Emmanuel is a horizon-filling name, and it is only in his power that the beloved of God answer the call to be saints. As the roots go down and the leaves grow up, they spring forth for his glory.

May the beauty of Emmanuel change your day and your life,

Michele (1)


Image Credit: The lovely image of my garden featuring Isaiah 61 was a special gift from my friend Abby (who is also a special gift). She writes and shares her giftedness with graphic design at Little Birdie Blessings.

*This delightful phrase is from Maxine Kumin’s To Make a Prairie, p. 7.

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Sunday Scripture ~ John 1:1

“In the beginning was the Word, and the Word was with God, and the Word was God. He was in the beginning with God.”   (John 1:1)

John begins his story about the life of Jesus on this planet by revealing to his readers what it had taken him nearly three long years to absorb:
Jesus, the man who walked dusty Palestinian roads, who ate and drank and got tired and spoke gritty truth, was more than just a teacher or a prophet. He was God in the flesh.

John wants his readers to begin with awe and then move on into the stories of what Jesus did and what he said, for the words and the deeds will support that feeling of awe. Jesus, the Word, embodied God’s message to us. He bore witness to the truth about God and he, himself, is the message from God.

This Sunday, let’s rejoice in God’s great rescue plan, and may He help us to see the glory of it and to worship in response.

Ever in awe,

Sunday Scripture ~ Genesis 1:1

The New City Catechism asks, “Who is God?” and then provides an answer based on the very first verse behind the leather cover of your Bible:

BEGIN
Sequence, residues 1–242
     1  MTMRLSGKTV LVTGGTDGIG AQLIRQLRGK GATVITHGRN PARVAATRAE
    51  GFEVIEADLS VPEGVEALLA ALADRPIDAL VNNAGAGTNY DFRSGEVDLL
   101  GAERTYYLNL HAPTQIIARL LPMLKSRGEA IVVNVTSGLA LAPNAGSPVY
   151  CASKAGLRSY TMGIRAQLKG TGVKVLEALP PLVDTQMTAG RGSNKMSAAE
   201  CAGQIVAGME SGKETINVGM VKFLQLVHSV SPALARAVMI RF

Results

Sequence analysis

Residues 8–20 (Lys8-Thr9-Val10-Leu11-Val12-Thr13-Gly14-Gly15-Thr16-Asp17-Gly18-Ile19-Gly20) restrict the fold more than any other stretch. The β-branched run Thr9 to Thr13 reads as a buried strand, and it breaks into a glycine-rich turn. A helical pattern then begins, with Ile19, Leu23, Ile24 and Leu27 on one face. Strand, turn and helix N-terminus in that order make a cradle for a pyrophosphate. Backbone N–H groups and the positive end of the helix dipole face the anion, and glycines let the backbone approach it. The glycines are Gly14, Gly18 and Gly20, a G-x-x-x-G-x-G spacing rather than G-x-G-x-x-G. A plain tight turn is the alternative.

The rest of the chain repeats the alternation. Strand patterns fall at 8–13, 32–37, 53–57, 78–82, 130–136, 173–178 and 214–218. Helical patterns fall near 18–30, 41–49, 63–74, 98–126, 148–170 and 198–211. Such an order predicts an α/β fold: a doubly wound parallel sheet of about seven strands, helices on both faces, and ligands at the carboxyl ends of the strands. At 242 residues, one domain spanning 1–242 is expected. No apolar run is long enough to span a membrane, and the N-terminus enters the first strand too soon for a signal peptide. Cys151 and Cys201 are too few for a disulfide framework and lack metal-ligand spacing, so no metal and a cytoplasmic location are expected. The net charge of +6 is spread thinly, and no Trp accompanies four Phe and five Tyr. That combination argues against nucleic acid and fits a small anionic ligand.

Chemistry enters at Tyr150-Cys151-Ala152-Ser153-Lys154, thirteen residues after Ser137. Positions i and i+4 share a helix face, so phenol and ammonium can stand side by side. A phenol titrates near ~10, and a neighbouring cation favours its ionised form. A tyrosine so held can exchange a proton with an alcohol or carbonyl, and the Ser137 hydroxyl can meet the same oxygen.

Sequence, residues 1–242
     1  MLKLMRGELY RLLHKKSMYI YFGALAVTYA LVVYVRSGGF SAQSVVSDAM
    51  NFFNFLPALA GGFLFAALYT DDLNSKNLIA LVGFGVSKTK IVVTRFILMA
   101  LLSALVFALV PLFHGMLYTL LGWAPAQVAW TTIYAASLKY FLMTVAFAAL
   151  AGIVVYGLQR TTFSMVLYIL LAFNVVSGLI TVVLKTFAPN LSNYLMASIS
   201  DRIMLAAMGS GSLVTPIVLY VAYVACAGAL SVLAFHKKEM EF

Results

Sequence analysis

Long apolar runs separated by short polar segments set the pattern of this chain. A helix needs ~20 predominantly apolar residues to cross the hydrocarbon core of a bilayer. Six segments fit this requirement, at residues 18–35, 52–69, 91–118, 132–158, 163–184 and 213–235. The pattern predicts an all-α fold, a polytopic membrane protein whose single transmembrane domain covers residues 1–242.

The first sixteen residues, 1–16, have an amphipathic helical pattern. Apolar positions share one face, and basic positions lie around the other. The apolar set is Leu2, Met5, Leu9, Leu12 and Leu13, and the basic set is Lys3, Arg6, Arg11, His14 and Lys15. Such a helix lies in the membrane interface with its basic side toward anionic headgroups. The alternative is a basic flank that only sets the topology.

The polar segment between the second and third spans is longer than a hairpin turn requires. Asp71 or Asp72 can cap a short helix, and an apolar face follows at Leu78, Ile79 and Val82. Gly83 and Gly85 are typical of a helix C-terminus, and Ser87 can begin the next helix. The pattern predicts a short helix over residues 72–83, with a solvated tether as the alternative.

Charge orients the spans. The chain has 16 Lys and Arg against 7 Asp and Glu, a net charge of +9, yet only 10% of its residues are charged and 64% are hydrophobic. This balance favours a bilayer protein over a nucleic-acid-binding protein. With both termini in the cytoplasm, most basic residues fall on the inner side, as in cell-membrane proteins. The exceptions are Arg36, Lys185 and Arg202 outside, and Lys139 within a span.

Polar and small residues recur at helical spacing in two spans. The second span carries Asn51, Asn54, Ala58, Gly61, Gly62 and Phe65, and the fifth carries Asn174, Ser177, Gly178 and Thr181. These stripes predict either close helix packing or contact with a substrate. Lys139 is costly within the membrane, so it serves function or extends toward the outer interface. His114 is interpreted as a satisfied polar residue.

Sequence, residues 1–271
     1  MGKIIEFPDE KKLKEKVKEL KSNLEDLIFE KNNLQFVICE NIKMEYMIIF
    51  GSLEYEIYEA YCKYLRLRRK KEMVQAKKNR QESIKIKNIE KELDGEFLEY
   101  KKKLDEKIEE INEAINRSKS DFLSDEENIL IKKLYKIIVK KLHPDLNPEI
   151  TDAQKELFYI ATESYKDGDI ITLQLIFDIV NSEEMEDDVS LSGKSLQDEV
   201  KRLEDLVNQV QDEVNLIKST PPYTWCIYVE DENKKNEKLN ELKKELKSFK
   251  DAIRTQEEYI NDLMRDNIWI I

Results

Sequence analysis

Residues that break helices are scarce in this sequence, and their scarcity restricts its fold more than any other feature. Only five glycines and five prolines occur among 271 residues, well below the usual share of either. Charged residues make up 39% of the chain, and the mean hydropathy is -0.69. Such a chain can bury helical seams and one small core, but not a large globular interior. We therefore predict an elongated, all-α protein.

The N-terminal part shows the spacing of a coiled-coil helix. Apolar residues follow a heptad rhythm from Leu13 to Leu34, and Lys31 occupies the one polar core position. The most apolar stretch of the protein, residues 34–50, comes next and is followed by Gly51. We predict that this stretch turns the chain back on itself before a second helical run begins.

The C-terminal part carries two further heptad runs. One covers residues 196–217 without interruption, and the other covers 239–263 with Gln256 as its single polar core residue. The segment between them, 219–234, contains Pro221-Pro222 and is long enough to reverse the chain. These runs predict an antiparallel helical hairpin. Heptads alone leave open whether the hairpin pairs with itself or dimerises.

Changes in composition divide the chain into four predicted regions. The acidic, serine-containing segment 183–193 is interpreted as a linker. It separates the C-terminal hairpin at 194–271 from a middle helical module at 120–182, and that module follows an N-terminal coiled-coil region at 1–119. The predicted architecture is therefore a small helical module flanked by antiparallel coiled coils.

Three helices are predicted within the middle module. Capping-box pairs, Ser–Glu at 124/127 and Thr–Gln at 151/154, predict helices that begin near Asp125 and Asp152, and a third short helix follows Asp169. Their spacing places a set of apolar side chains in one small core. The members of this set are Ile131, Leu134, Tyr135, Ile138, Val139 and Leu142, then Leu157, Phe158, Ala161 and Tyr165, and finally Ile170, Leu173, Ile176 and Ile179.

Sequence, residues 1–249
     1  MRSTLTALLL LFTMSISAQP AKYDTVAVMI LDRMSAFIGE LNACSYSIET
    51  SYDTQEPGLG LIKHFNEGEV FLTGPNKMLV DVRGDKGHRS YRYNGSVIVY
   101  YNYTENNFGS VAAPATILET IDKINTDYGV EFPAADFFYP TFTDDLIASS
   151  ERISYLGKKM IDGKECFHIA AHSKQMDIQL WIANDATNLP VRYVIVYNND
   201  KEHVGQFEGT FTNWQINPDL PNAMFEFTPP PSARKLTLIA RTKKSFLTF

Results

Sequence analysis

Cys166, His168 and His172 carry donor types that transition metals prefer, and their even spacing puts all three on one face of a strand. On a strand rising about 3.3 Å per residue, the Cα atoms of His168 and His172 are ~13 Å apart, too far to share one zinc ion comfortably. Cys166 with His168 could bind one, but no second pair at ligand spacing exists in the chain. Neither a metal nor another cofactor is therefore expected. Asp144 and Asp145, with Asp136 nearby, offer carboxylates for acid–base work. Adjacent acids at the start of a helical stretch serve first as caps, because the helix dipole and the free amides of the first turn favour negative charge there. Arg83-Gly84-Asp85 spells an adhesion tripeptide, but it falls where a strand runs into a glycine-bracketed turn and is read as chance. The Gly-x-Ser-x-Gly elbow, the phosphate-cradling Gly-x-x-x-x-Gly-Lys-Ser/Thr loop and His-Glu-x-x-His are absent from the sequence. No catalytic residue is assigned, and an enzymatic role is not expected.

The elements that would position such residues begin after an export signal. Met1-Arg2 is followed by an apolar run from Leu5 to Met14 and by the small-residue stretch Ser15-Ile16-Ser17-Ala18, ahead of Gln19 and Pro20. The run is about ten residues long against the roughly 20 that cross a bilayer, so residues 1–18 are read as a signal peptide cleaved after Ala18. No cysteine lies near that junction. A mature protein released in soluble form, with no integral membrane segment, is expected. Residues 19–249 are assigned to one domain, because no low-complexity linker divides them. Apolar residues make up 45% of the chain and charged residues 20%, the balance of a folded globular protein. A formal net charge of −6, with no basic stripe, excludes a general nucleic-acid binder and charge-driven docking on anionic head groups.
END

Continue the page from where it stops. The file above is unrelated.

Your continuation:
“God is the Creator of everyone and everything.”

Whether you are personally in the business of creating by threading a needle or making music on a keyboard or by stringing together sentences on another kind of keyboard, your urge and ability to create come from your Creator.

From the time when Adam took up residence in Eden with no instruction manual other than God’s permission to “master it,” humanity has been unwrapping God’s gifts and glorifying Him as co-creators, even if some fail, in this life, to acknowledge His role in it all.

This Sunday, let’s delight in God’s creation and in His gift of creativity,

 

 

Reaching Out for the Adjacent Possible

“Nine chapters, one hundred fifty two pages—how hard can this be?” I thought, as I loaded a well-known Christian classic onto my Kindle.

Slogging through chapter two, reality began to set in.

I had always been an avid reader but felt a need to be more intentional in my reading choices. The holes in my theology needed sturdy patches of truth, and I longed to benefit from the wise words of classic Christian writers.